University of Vermont

College of Medicine

Williams Explores Link between Spinal Anesthesia in Infants and Later Cognitive Function

Robert Williams, M.D.
Associate Professor of Anesthesiology Robert Williams, M.D. (Photo: UVM COM Design & Photography)

How might anesthesia at a very young age affect children as they grow up? University of Vermont (UVM) Associate Professor of Anesthesiology and Assistant Professor of Pediatrics Robert Williams, M.D., and colleagues, developed a database that compares spinal anesthesia response data from more than 2,500 Vermont babies with standardized test scores and other data from the Vermont Department of Education to try to understand whether anesthesia exposure early in life affects cognitive function later on. Not only is Williams’ research helping to understand more about this connection, but the method of analyzing education data in tandem with medical data shows promise as a model for future studies.

In a paper in the June 20 issue of the journal Anesthesia and Analgesia, Williams and six colleagues from UVM and Fletcher Allen Health Care start to hone in on whether or not choice of anesthetic technique in infants has neurodegenerative effects and answers the question: Do these children – who have all received the same type of anesthesia - show achievement gaps relative to a control group? The study looks specifically at babies who received spinal anesthesia, as recorded in the Vermont Infant Spinal Registry – a robust database that grew from records kept by Professor of Anesthesiology Emeritus J. Christopher Abajian, M.D. – which notes response to spinal anesthesia and other information from medical records dating back to the late 1970s.

With data from the Vermont Department of Education, which keeps records on standardized test scores for all Vermont children, the group analyzed records for 265 students who had a single exposure to spinal anesthesia during infancy. They compared these former patients to a control group matched by “grade, gender, year of testing, and socioeconomic status.”  A de-identified, integrated medical, and educational research (DIMER) database was created that cross-referenced educational data, including math and reading standardized test scores, with the patient records.

The study “found no link between duration of surgery with infant spinal anesthesia and scores on academic achievement testing in elementary school.” It also found “no relationship between infant spinal anesthesia and surgery with very poor performance on elementary school achievement testing.”

The results are particularly interesting when compared to an Iowa-based study on elementary school children, published in Anesthesiology in July 2012, which demonstrated an association between the duration of the anesthesia and diminished test scores in children exposed to a single general anesthesia during the first year of life. A smaller group of children in the same study showed “very poor academic achievement.”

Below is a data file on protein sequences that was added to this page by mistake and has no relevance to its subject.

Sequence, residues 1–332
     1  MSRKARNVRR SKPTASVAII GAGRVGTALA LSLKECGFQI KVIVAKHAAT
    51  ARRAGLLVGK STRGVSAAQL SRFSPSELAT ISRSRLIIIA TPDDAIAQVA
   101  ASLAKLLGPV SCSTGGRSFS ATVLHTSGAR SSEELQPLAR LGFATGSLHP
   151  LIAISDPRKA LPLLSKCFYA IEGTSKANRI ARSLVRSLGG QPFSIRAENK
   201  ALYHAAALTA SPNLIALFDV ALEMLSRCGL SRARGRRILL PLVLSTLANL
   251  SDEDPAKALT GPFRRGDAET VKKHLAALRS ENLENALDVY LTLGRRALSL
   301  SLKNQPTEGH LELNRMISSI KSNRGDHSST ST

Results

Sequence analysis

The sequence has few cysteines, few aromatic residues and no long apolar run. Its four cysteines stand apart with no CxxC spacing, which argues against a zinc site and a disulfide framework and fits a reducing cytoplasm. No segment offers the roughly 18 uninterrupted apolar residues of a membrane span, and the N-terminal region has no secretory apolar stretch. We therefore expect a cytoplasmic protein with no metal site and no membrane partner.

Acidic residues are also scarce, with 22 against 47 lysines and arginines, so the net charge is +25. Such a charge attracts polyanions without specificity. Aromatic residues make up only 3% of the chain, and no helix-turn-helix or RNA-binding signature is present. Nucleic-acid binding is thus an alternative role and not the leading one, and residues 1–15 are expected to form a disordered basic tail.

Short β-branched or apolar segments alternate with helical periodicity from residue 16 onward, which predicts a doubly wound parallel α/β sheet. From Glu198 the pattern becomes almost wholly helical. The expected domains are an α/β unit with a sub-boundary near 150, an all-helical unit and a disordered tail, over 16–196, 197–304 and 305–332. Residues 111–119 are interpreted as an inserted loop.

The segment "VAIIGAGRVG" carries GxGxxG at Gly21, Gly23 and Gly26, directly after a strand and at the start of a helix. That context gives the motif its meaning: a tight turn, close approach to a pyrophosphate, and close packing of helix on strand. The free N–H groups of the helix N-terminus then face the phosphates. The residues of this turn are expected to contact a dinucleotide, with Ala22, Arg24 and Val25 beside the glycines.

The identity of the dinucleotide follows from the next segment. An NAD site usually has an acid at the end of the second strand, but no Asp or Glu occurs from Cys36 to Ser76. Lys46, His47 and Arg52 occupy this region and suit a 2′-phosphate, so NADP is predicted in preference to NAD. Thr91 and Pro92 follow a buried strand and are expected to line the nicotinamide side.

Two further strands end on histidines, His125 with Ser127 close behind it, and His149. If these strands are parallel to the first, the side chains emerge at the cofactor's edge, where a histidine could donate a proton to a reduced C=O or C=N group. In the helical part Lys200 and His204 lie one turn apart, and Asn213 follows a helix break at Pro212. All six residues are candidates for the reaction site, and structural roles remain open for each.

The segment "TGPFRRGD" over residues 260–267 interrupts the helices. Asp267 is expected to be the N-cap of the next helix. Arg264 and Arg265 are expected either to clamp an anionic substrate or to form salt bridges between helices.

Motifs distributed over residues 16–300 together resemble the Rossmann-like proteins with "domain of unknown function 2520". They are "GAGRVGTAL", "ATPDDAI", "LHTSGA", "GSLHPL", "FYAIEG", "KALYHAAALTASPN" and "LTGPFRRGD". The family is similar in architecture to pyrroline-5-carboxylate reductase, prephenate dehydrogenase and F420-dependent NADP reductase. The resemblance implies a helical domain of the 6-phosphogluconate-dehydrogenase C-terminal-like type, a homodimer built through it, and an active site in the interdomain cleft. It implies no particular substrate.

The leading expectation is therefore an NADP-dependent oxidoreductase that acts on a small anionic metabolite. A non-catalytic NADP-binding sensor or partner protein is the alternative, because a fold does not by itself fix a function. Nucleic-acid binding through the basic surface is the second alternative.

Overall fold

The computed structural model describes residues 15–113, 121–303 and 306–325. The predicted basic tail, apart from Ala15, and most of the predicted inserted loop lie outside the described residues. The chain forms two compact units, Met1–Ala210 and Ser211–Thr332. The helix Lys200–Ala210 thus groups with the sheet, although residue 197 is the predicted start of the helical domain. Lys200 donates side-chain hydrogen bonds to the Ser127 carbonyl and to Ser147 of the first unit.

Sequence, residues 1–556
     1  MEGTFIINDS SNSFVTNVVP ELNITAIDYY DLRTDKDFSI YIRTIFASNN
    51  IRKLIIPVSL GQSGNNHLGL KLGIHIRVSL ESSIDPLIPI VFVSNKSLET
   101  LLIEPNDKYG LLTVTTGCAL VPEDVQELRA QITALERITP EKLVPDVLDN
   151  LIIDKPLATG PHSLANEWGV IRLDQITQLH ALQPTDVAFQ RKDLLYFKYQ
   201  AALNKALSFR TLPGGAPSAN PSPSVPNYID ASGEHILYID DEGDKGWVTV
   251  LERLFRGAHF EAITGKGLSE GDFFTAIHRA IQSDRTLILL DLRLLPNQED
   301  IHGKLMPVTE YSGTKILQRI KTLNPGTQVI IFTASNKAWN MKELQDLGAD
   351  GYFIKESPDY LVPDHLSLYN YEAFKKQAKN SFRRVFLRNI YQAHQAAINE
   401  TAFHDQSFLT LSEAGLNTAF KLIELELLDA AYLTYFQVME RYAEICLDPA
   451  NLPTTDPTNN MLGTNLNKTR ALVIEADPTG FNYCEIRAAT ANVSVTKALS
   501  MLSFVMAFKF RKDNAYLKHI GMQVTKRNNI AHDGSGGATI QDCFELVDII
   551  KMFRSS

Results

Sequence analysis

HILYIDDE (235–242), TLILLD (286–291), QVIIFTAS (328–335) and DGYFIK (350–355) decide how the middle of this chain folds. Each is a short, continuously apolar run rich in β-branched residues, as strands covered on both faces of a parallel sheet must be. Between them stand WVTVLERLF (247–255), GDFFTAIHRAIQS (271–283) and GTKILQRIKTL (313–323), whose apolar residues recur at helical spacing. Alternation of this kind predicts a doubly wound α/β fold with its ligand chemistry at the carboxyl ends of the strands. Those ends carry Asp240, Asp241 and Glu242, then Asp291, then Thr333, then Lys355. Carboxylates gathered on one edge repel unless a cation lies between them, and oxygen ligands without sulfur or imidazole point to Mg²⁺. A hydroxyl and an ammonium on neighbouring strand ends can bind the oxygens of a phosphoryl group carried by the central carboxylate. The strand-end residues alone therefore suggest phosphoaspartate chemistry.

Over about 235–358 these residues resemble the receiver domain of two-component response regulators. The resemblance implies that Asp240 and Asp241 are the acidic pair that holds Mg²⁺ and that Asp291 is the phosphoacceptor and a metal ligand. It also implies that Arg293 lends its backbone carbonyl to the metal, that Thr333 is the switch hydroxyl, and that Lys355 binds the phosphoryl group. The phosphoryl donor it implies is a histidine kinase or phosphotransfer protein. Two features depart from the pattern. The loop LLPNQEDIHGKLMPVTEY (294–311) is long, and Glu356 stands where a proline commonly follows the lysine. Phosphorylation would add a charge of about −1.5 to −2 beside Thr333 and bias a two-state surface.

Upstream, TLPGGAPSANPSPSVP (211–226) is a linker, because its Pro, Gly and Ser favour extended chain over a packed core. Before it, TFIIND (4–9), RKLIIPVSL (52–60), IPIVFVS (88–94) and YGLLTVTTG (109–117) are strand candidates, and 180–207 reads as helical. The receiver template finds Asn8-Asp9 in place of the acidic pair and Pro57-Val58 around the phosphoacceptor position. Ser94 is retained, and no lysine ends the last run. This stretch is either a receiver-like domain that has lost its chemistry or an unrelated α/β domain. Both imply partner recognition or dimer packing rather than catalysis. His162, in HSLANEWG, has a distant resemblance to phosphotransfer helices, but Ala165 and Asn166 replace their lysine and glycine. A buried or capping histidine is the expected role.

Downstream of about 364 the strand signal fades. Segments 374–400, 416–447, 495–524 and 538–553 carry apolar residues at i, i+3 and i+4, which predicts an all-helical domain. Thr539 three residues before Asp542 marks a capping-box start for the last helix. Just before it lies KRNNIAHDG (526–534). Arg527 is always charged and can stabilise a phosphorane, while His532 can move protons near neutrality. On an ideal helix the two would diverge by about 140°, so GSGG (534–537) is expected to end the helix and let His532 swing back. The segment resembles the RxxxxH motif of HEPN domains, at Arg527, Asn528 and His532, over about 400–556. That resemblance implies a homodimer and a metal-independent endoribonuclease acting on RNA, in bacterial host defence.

Does this mean spinal anesthesia – as opposed to general anesthesia – is the better choice for infants when it comes to cognitive function later in life? The results are “provocative, but not definitive,” Williams says. The research overall is less than conclusive, with several other studies showing anesthesia exposure having no effect on cognitive ability. Animal studies have revealed an “indisputable relationship” between early anesthesia exposure and learning disabilities later in life, but no research has demonstrated the same link in humans.

One challenge lies in separating the effect of the anesthetic from other confounding factors. “It could be something else in their lives, or it could be the surgery,” Williams says.

In regards to his own study, Williams notes one limitation – the lack of a control group who received general anesthesia. The study also did not account for other variables that may affect test scores, including prematurity, health status, birth weight and maternal education. Nevertheless, the study by Williams and colleagues serves as a model for further research, and plans are in place to conduct a second study in cooperation with Dartmouth-Hitchcock Medical Center in New Hampshire, says Williams. Since Dartmouth uses general anesthesia, the goal would be to compare education data from Vermont children who undergo surgery there with infants at Fletcher Allen who receive spinal anesthesia. Williams says setting up a partnership with the New Hampshire Department of Education is a possibility.

Williams’ co-authors on the Anesthesia and Analgesia article include H.W. “Bud” Meyers, Ph.D., a former Vermont deputy commissioner of education and current director of the UVM Jeffords Center for Policy Research and associate professor of education; Diantha Howard, M.S., a bioinformatics expert at the Vermont Center for Clinical and Translational Science; Ian Black, M.D., and David Adams, M.D., both UVM associate professors of anesthesiology; Donald Mathews, M.D., professor of anesthesiology; and Alexander Friend,research specialist in anesthesiology.

Link to an abstract of the study article here.